Before: The goal is to generate revenue.
After: The goal is to THINK BIG! (big business with a big number of users and big revenue)
It’s hard to scale business from Central Europe. On the other, staying in the Bay Area is not easy and the situation is getting worse. It’s hard to find accommodation and if you are not sitting on a good funding, the first three weeks you will spend just thinking about surviving.
Use the opportunity if you know somebody in the area who can help you.
In Silicon Valley, you are just one from thousands people that came there – and nobody cares about you. Every presence in incubator or partnership increases your attractivity. Every time we meet somebody in SV, our presence in Runway is something that makes people interested.
Change is not about doing things differently. It is about the change of your thinking and attitude. The best is to visit Silicon Valley as soon as possible.
Focus on scalability and partnerships.
In the Czech Republic, our thinking is excessively sophisticated and complicated. You have to create a product that is understandable to everyone. Even to idiots.
I got into startups because I hated working for a corporate company. With one of my colleagues, we were thinking about doing something we would enjoy. We created MPV and waited for freedback. We had the classic pair of founders (CEO & CTO) and we found a designer. We started quickly developing something the market was asking for. It took us 20 months to build a product we were happy about. When we were in SF, we didn’t understand the purpose of “networking”. But you really have to go everywhere and ask for feedback. It will move you forward more than when you pay for that.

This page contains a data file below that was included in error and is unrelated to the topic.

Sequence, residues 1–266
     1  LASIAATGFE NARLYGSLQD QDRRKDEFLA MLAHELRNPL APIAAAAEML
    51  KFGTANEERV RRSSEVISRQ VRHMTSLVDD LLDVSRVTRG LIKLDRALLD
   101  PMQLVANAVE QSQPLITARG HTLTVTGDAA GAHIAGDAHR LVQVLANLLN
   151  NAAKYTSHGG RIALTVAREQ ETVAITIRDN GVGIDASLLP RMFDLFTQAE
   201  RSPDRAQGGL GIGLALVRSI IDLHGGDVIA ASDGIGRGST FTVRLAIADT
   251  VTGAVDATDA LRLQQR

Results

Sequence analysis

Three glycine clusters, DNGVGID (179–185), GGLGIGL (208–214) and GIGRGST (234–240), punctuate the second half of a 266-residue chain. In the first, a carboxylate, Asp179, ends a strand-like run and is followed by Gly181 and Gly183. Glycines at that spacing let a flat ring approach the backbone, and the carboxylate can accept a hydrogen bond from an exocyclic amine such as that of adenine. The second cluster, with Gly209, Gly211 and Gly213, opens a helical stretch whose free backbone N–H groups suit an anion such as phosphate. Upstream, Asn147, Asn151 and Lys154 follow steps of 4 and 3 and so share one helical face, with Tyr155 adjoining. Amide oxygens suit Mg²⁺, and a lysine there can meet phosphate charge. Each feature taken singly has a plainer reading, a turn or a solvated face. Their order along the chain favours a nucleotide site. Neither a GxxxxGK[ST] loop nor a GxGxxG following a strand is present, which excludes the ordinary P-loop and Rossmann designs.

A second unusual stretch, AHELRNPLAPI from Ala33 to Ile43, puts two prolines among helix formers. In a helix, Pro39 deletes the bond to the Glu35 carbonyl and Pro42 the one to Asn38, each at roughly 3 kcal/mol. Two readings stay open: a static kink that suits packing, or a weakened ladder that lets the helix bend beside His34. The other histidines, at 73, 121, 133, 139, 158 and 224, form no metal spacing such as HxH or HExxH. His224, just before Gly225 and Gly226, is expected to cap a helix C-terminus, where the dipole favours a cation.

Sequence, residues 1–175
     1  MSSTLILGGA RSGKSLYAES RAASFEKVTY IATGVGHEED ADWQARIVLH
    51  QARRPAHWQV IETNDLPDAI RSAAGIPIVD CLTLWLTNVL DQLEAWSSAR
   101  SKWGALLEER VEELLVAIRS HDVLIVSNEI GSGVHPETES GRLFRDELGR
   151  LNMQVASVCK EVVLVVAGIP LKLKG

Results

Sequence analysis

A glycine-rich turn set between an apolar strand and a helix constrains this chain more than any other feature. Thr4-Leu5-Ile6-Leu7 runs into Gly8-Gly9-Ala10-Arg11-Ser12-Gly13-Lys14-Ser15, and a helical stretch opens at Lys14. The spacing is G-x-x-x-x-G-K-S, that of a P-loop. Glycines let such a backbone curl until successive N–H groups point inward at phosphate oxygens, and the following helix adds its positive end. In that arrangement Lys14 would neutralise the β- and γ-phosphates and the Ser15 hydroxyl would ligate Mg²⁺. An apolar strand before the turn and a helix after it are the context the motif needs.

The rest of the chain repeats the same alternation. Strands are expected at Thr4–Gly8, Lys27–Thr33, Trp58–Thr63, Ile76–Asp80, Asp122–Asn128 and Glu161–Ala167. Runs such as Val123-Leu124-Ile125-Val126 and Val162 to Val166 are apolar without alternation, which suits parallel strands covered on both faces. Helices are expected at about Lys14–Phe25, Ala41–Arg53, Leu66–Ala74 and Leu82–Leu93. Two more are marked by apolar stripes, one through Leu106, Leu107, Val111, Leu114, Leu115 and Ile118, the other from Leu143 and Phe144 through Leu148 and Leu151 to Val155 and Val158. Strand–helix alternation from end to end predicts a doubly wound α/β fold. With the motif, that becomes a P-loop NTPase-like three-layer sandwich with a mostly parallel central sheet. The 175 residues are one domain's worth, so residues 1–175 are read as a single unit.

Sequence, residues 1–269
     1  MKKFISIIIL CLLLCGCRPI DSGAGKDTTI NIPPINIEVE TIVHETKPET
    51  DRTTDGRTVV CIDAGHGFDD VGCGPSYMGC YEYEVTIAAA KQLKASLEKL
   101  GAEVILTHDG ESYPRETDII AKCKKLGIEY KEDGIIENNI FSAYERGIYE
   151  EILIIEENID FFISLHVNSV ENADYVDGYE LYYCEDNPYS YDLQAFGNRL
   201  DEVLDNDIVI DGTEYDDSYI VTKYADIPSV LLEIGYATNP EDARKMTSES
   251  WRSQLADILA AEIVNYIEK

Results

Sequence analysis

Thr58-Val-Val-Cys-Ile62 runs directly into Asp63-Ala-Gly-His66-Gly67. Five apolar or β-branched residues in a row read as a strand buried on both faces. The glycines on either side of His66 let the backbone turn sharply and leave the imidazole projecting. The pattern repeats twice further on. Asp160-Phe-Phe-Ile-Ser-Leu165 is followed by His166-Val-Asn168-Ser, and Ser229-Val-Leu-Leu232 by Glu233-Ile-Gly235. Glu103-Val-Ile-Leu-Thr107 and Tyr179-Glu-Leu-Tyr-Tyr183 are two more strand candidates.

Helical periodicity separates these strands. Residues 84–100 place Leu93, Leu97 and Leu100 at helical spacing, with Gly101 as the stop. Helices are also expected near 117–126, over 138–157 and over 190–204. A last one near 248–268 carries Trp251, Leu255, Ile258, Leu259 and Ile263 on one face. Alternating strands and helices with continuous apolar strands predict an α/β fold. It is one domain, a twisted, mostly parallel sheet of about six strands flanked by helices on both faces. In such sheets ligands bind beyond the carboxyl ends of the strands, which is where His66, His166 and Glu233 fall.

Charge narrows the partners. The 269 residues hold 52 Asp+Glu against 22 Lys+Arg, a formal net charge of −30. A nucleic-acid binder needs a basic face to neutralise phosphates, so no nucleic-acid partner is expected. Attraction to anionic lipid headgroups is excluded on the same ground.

CZECH ICT ALLIANCE: Michal Zalesak
Michal is an executive director in Czech ICT Alliance and he has been working in the IT industry since 2000. Nowadays, he is one of the most active supporters of the Czech startup community.
Czech ICT Alliance was founded in 2005 and it is not a state organization. The main goal is to support startups in the Czech Republic (regional incubators, startup events, foreigner mentors) and abroad (through TechCrunch Disrupt, CeBit, IT SA, startup missions).
Why move your startup to another country?
great opportunity to move forward
Any success story?
JIC told us they had a team from India. It is called Hansure. They won StarCube and got into Microsoft Ventures Accelerator in Israel. Now they are sitting in Tel Aviv and they raised money from Microsoft and BD.
What are the criteria?
We don’t care about the age of the company — but we want to see it’s moving forward.
CZECH INVEST: Karel Kucera
We had 52 companies in the Czech Accelerator and we’re planning to continue with the program. We don’t want to be the only one, first one nor best one – we want to collaborate with others.
Our goals are:
Support business environment
Attract new investors
Create a communication channel to connect startups with second parties